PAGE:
Politicians. Journalists. Car salesmen. What do these three professions have in common?
They routinely top the least trusted professions in the UK. Meanwhile, doctors, nurses, and paramedics take the first, second, and fourth spots, respectively, in the most trusted professions.
If that’s how we felt before the pandemic, imagine how the public feels now.
Few disagree that NHS works deserve more gratitude. The weekly clapping on Thursday night to support our frontline workers. Hand-painted pictures from children praising the NHS seemed to adorn every home. As the doctor, nurses, and others headed out to the frontline, stressed but brave; we looked on in admiration.
To argue that they deserve gratitude seems almost ridiculous.
And yet, though we claim to be grateful, our societal actions say otherwise.
Amongst NHS staff morale is at rock-bottom. Years of low pay rises have been compounded by COVID stress. Many have tested positive; sadly, some have died. Even before the pandemic, the UK had the lowest per capita rate of doctors in Europe. Now with a backlogged system – a dizzying 5.3 million people on hospital waiting lists – the job is only getting tougher.
The government’s answer: a 3% pay rise (junior doctors excluded).
After Prime Minister Boris Johnson proclaimed that “We owe you more than words can say,” healthcare workers see the pay rise as a kick in the teeth. But with mass government expenditure during the pandemic, a little belt-tightening is surely inevitable. And why, some ask, do nurses and doctors deserve a pay rise but not other frontline workers – who are unlikely to see any.
Indeed, the starting salary for a newly qualified nurse has already increased by more than 12% in the prior three years. If taken with the proposed 12-15% pay rise demanded by the health unions for NHS staff, public gratitude may quickly sour.
Perhaps a large pay rise isn’t the best way to show our gratitude? We may proclaim healthcare workers the “heroes of the pandemic,” but do we ever ask if they want to be heroes? Many just want to go home to their families. To date, to socialise, to have a life. Ask any young nurse or junior doctor stalking the understaffed wards.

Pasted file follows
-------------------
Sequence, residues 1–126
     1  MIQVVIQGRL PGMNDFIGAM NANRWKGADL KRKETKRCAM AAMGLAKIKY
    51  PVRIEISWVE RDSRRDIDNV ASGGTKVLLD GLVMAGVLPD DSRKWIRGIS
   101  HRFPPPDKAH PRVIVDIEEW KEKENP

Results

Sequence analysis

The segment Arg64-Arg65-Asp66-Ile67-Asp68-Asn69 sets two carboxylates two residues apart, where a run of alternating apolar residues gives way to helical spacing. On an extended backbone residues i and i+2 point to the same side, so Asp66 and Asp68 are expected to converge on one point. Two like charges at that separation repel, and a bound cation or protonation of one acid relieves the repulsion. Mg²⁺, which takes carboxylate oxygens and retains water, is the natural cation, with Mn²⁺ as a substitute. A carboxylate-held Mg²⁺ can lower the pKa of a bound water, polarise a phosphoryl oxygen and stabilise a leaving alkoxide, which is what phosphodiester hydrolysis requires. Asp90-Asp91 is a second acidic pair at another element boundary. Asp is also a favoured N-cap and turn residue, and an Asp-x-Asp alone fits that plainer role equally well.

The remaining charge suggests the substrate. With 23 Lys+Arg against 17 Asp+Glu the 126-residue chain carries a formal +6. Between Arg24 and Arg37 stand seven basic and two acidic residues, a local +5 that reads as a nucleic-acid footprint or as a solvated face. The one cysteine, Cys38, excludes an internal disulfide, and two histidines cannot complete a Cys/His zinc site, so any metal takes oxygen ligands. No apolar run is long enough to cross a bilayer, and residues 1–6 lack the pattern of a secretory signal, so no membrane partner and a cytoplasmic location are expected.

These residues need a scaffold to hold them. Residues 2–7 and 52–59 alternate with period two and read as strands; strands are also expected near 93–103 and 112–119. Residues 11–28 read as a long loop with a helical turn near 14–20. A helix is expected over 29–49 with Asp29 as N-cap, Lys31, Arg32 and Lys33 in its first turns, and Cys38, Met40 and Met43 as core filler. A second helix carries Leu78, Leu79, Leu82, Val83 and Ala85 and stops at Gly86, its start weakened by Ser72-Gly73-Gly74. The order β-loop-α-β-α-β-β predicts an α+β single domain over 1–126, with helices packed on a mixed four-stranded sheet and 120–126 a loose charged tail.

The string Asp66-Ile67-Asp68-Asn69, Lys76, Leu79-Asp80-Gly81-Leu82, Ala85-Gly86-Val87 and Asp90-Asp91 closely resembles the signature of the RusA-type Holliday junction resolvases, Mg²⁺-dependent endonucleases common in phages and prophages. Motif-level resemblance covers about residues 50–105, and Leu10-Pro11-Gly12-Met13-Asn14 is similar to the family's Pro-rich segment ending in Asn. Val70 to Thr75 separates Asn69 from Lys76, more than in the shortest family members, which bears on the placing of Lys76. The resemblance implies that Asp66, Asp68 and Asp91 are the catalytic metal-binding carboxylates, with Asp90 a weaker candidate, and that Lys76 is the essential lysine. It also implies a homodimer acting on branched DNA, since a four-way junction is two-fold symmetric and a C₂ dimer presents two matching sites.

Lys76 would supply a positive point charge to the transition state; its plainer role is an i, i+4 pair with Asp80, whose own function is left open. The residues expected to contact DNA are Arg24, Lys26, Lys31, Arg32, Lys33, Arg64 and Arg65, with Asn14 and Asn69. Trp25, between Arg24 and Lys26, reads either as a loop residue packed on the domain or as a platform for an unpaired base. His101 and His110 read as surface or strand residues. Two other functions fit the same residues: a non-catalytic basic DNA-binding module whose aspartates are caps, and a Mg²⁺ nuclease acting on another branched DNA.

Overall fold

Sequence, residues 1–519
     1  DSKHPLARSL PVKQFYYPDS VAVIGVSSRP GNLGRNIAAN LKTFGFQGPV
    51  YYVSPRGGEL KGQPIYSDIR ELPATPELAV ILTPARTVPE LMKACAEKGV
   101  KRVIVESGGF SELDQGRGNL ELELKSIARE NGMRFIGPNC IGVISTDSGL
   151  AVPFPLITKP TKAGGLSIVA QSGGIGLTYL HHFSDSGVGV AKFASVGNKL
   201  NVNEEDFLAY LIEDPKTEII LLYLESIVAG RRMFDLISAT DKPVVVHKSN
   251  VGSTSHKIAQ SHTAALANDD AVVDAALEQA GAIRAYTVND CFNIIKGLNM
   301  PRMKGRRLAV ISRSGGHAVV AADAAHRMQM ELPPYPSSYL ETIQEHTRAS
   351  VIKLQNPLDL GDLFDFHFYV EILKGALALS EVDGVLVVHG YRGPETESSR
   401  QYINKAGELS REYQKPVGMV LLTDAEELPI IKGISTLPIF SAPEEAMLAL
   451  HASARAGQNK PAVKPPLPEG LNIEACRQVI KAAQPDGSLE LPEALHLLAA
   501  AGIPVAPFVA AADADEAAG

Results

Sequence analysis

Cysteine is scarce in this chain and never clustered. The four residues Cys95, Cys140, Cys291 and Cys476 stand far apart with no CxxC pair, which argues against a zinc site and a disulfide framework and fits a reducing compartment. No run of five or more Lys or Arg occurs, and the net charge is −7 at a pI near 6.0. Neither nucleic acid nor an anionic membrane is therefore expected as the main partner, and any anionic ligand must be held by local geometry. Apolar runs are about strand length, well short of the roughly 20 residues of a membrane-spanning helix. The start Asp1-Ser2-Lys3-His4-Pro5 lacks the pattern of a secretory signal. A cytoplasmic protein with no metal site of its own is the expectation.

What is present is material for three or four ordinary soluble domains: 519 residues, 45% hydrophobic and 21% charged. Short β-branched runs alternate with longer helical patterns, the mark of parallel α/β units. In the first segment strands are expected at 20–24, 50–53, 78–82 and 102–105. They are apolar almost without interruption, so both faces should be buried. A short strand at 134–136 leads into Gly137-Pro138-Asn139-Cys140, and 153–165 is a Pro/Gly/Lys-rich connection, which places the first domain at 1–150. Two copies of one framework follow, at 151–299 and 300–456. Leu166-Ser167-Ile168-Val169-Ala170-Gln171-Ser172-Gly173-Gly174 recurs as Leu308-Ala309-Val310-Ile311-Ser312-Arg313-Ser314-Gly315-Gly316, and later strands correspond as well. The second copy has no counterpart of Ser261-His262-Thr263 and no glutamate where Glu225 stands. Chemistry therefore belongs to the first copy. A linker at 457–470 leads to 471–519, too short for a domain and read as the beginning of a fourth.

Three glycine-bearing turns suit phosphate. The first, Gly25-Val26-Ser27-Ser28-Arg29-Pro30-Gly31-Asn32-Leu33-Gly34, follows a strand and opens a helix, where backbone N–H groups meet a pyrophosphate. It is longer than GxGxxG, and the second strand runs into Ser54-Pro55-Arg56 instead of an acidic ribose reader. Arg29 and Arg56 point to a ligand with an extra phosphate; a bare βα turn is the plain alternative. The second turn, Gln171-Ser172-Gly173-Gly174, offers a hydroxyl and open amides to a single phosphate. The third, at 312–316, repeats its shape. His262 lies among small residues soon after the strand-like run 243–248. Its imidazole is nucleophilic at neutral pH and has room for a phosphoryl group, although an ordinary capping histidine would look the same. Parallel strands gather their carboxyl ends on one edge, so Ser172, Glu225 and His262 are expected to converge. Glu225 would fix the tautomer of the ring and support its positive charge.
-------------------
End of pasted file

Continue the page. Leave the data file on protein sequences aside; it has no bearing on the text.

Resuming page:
Little wonder then doctors and nurses have been leaving their professions in droves. People speak with their feet.
In a survey, 43% of nurses reported low staffing levels were the cause of the despondency. Similar stats can be found for doctors too.
The solution then may be best for everyone. Rather than spending lavishly on salaries, the UK government should hire more staff. Indeed, the UK has fewer doctors per head than most other OECD countries – 2.8 doctors per 1000 people, compared to Germany, Italy, and Switzerland, which all boast more than 4.
More staff means less stress on existing workers – and thus less worry about pay. But it also means a better, more efficient, and usable healthcare service. If we’re to clear the vast post-COVID backlog, it may be the only viable solution.
Badr Berrada is a tech entrepreneur & international best-selling author. As a Founder & CEO of BBN Times, he manages a team of more than 150 renowned industry experts. He has been featured in renowned publications such as Forbes Magazine, Business Insider, Yahoo! News, Thrive Global, Irish Tech News, Khaleej Times, Herald-Tribune, Pulse Ghana, le360 and IdeaMensch. He co-authored The Growth Hacking Book: Most Guarded Growth Marketing Secrets The Silicon Valley Giants Don’t Want You To Know and The Growth Hacking Book 2 : 100 Proven Hacks for Business and Startup Success in the New Decade. Badr holds a master's degree in Economy, Risk and Society from the London School of Economics and a bachelor degree in Finance from Cass Business School.